Featured research (12)
The aim of this paper is to present the results from the GNSS-based densification of the International Terrestrial Reference Frame (ITRF) in the region of Cyprus. The regional network used for this task consists of nine permanent GNSS Cypriot stations (eight stations of the existing CYPOS network plus the NICO station which belongs to the global IGS network) and 34 additional stations of the EUREF Permanent GNSS Network (EPN) which are mostly located in the continental part of Europe. The data used in this densification project include daily GNSS observations at the above stations within a period of 62 months (30/11/2011–28/01/2017). The present study was carried out using the resources of the CyCLOPS strategic research infrastructure unit. A robust procedure was designed for the daily data processing using the Bernese GNSS software v5.2 installed in the CyCLOPS operating center. The multi-year solution is computed by combining the constraint-free daily solutions using the normal equations stacking strategy. The reference frame of the multi-year solution is IGb08 and it was enforced through a no-net-translation condition on the positions and velocities of 24 EPN (Class A) stations. The quality of the computed solution is verified by comparing the estimated velocities with their official EPN_A_IGb08_C1934 values, and reveals minimal differences (<1 mm/year) in all EPN stations for both horizontal and up components.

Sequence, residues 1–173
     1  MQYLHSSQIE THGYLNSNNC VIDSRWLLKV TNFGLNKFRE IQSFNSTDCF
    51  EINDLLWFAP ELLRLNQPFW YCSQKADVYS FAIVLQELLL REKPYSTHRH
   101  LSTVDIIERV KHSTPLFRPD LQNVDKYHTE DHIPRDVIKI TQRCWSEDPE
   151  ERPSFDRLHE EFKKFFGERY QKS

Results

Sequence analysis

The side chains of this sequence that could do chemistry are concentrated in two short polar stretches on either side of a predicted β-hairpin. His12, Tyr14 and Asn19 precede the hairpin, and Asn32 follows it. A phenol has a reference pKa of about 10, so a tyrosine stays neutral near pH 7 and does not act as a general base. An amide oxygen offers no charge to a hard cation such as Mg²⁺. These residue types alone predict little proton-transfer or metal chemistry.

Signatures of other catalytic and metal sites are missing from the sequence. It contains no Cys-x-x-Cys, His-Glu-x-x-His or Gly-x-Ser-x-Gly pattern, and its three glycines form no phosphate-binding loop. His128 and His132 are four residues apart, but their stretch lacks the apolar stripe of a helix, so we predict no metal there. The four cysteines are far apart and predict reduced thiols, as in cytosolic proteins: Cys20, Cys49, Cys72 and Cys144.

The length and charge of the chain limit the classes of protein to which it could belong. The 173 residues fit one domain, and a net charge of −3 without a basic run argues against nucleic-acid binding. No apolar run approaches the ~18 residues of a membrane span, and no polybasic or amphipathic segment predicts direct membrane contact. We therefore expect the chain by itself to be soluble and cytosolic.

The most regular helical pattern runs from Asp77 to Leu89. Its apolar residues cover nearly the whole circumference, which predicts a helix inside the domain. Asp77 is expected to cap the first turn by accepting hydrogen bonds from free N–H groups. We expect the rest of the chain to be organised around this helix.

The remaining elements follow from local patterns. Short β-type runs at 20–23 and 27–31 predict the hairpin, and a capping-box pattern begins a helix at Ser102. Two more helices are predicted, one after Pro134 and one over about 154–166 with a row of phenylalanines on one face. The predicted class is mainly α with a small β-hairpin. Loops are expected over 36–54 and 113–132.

The objective of this paper is to introduce CyCLOPS, a novel strategic research infrastructure unit, and present its current progress of implementation, and integration in the National geodetic, geophysical and geotechnical infrastructure of the government-controlled areas of the Republic of Cyprus. CyCLOPS is co-funded by the European Regional Development Fund and the Republic of Cyprus through the Research and Innovation Foundation under the grant agreement RIF/INFRASTRUCTURES/1216/0050. CyCLOPS is developed via the collaboration of the Cyprus University of Technology (CUT) and the German Aerospace Center (DLR), and supported by the Cyprus Geological Survey Department and the Department of Lands and Surveys. The main objective of CyCLOPS is to establish an integrated infrastructure for space-based monitoring of geohazards using the most prominent earth observation technologies (EO), such as GNSS and InSAR. Furthermore, the infrastructure will densify and form the backbone for the definition of the next generation national datum of the Republic of Cyprus. Eleven Tier-1/2 state-of-the-art GNSS CORS, precise weather stations, tiltmeters and specifically designed InSAR triangular trihedral corner reflectors will be deployed, in a collocated fashion, at selected locations throughout the government-controlled areas of Cyprus. The collocated configuration will be established and installed to be compliant with the most stringent CORS monumentation specifications, support all current GNSS constellations and SAR missions. Finally, one of CyCLOPS’ fundamental aims is to actively contribute to the on-going efforts and growing demand for more precise positioning services and high-quality modern reference frames, in conformity with the recommendations of the UN-GGIM (and its Subcommittee of Geodesy) to establish and enhance national geodetic infrastructures to support the sustainable management of geospatial information on the changing Earth.